Results 1 to 15 of 15

Thread: What kind of insect is this?

  1. #1
    Member scott_rn's Avatar
    Join Date
    Nov 2008
    Location
    power commuting twixt the valley and anchorage
    Posts
    803

    Default What kind of insect is this?


    I caught a couple of trout today on wooly buggers and took one home for dinner. I gutted the fish and want to see what it had been eating and I ended up with a writhing pile of these guys.

    What is it & what would you recommend tying up to imitate it?

  2. #2
    Member Phish Finder's Avatar
    Join Date
    Mar 2008
    Location
    Searching for more cowbell!
    Posts
    1,945

    Default

    I have to give props to anyone who can determine what that is from the pic.

    As for tying, a tiny tube fly may work.
    ><((((>.`..`.. ><((((>`..`.><((((>

    "People who drink light 'beer' don't like the taste of beer; they
    just like to pee a lot." --Capitol Brewery

  3. #3
    Member homerdave's Avatar
    Join Date
    Apr 2006
    Location
    homer, alaska
    Posts
    3,922

    Cool much as it irks me to admit...

    powdermonkey probably knows.
    i think those are midge larvae of some sort.
    how big are they?
    Alaska Board of Game 2015 tour... "Kicking the can down the road"
    http://www.alaskabackcountryhunters.org/

  4. #4

    Default

    They're some type of midge larva. A class of mine has collected several buckets of water and pond animals using nets from near school. Such creatures were very common. I kept a bucket over the weekend once and dozens of adult midges hatched out. We've had mosquitoes hatch as well, but they look quite different.

    Make sure you cover the bucket overnight if you do this at home.

  5. #5
    Member scott_rn's Avatar
    Join Date
    Nov 2008
    Location
    power commuting twixt the valley and anchorage
    Posts
    803

    Default

    Sorry the picture isn't so good, my newer camera is shipped off for warranty repairs (2-4 weeks). They're in the neighborhood of 5/8 to 3/4 of an inch long.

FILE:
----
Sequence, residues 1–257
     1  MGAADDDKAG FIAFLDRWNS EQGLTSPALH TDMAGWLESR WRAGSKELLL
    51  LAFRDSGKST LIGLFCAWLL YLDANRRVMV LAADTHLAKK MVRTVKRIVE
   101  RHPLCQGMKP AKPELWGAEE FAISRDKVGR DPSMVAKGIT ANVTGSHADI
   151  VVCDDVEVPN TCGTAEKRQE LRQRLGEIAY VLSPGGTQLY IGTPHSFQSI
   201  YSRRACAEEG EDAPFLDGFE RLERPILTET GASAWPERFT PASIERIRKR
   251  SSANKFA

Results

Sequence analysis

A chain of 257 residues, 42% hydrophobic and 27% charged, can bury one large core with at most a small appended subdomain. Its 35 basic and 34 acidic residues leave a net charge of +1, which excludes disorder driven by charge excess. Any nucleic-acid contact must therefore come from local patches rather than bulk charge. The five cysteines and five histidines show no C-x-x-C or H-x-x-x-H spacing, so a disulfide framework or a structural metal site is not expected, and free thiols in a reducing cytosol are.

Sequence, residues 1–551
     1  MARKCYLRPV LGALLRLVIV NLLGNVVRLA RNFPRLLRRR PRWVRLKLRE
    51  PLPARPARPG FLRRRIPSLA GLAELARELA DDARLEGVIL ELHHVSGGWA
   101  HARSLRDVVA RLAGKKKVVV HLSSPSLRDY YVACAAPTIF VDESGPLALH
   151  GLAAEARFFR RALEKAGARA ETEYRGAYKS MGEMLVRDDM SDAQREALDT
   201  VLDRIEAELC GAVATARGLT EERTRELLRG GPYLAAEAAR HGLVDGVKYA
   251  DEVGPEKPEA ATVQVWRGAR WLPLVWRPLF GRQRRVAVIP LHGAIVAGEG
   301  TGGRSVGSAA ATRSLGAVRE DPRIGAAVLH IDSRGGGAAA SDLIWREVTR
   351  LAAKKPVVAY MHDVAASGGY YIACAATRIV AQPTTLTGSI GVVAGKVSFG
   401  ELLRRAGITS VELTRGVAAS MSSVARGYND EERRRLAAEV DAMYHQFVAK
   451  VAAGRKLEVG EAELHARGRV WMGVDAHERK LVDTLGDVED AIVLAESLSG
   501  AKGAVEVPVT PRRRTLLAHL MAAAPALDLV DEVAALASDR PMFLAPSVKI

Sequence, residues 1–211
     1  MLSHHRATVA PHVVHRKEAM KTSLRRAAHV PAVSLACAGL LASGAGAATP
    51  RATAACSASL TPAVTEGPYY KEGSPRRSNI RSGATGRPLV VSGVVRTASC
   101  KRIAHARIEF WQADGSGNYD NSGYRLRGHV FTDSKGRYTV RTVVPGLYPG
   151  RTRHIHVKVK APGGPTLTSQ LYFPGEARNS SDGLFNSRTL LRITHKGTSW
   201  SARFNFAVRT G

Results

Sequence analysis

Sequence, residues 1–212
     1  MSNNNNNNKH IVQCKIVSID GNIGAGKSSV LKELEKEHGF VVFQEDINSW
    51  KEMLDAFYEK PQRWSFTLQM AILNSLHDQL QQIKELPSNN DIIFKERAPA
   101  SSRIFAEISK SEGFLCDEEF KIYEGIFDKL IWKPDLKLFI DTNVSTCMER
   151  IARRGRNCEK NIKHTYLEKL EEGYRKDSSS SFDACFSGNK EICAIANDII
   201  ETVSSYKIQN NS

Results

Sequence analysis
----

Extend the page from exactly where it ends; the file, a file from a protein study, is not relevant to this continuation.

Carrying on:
Thanks for the suggestion AKGunner. Right after I posted the picture I thought I ought to just let them hatch, keeping them covered probably saved me a headache or two.

  6. #6
    Member Phish Finder's Avatar
    Join Date
    Mar 2008
    Location
    Searching for more cowbell!
    Posts
    1,945

    Default

    That's a great idea.
    Scott, if they are still alive, throw them in a bucket of water and cover with some mesh. That way, you'll know for sure what they are
    ><((((>.`..`.. ><((((>`..`.><((((>

    "People who drink light 'beer' don't like the taste of beer; they
    just like to pee a lot." --Capitol Brewery

  7. #7
    Member ak_powder_monkey's Avatar
    Join Date
    Nov 2006
    Location
    Eagle River/ Juneau
    Posts
    5,154

    Default

    looks like a midge larvae to me, in larger sizes (12-16) they are also called coronomids (sp??) most folk imitate them with flies like the zebra midge, basically a scud hook with white tread and black wire for ribbing, maybe a bead. They are typically fished right off the bottom under a bobbercator or in the surface film when bugs are hatching. I've found that they are very effective in the mid summer when nothing seems to be happening or the fish seem to not be hitting woolly buggers. This time of year is bugger city though, pound the banks, look for cruisers. Man I miss fall lake fishing up there so much